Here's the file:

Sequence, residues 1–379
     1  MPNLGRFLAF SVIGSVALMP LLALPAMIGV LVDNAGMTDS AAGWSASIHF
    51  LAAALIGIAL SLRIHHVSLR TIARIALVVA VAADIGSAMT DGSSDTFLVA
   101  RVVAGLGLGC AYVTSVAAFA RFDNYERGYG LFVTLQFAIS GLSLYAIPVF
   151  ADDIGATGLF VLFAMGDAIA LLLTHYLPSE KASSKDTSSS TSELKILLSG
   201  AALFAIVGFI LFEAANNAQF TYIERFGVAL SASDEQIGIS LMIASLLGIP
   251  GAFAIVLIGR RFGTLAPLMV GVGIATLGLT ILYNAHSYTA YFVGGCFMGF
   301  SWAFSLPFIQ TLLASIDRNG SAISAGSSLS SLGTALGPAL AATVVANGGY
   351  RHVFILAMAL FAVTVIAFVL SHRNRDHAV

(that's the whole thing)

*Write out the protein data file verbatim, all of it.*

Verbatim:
Sequence, residues 1–379
     1  MPNLGRFLAF SVIGSVALMP LLALPAMIGV LVDNAGMTDS AAGWSASIHF
    51  LAAALIGIAL SLRIHHVSLR TIARIALVVA VAADIGSAMT DGSSDTFLVA
   101  RVVAGLGLGC AYVTSVAAFA RFDNYERGYG LFVTLQFAIS GLSLYAIPVF
   151  ADDIGATGLF VLFAMGDAIA LLLTHYLPSE KASSKDTSSS TSELKILLSG
   201  AALFAIVGFI LFEAANNAQF TYIERFGVAL SASDEQIGIS LMIASLLGIP
   251  GAFAIVLIGR RFGTLAPLMV GVGIATLGLT ILYNAHSYTA YFVGGCFMGF
   301  SWAFSLPFIQ TLLASIDRNG SAISAGSSLS SLGTALGPAL AATVVANGGY
   351  RHVFILAMAL FAVTVIAFVL SHRNRDHAV